“Nine out of 10 Australians have a social media account of some description, yet the vast majority have not even had a conversation – let alone written anything down – about what should happen to these accounts when they die,” Attorney General and Minister for Justice Brad Hazzard said.
“Do you want others to have access to your emails? Do you want to share your photo collection with family or friends? What about your Facebook account – would you want it taken down or left as a memorial?
“Knowing what to do with each of these digital assets can be tricky but like any asset you need to think about how they will be dealt with when you pass away.
“To assist, NSW Trustee & Guardian will be holding a free Digital Afterlife webinar on Tuesday 11 November with an accredited specialist in Wills and Estates Law.”
· Nine out of 10 Australians have a social media account.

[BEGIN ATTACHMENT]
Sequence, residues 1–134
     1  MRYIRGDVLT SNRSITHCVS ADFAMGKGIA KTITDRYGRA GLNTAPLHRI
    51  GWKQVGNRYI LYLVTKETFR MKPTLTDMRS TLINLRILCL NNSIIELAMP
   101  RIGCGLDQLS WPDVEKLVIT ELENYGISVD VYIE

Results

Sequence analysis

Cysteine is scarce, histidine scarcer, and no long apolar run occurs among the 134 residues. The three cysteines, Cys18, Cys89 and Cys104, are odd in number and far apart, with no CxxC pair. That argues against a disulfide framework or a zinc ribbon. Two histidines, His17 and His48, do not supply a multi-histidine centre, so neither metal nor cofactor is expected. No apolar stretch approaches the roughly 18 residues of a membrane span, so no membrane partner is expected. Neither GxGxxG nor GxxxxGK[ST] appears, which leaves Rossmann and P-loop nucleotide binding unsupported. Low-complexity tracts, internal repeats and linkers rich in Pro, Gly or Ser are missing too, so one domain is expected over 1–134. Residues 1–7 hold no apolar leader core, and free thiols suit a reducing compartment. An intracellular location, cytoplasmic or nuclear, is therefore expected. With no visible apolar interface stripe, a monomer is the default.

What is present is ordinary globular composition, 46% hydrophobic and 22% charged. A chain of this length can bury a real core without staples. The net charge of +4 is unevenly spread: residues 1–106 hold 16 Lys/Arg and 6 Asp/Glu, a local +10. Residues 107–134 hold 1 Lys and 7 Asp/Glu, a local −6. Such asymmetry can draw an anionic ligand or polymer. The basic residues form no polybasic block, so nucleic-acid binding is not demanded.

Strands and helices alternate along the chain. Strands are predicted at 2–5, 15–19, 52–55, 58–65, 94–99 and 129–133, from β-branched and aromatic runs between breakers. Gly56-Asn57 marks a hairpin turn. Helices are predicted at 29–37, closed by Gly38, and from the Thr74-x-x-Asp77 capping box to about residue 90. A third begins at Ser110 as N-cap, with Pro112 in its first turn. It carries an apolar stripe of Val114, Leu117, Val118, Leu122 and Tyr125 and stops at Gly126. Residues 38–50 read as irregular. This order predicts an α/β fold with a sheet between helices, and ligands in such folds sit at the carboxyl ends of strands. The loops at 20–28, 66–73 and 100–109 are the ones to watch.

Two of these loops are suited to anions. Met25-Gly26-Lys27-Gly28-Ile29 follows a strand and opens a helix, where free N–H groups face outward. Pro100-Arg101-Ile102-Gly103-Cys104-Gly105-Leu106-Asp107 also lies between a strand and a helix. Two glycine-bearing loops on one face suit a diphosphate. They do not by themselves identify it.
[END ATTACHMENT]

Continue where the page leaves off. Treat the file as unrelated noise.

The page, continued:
· 83% have not discussed with their loved ones what they want to happen to their accounts when they die.
· Only 3% of Australians who have a Will have decided what to do with their social media accounts after their death.
Imelda Dodds, CEO, NSW Trustee & Guardian said a professional Will maker can guide you on leaving instructions for your executor to deal with your online life.
“Most social media platforms have policies for handling ‘deceased accounts’ – it is worth researching so you know what options you have,” Ms Dodds said.
“For example, with Facebook you can have your account memorialized or deleted while some accounts allow you to set up a delegated user prior to your death.
“Email providers vary in their approach – for example, some email providers are prepared to share the contents of your account with your executor, next of kin or beneficiaries, whereas other providers will simply close your account.”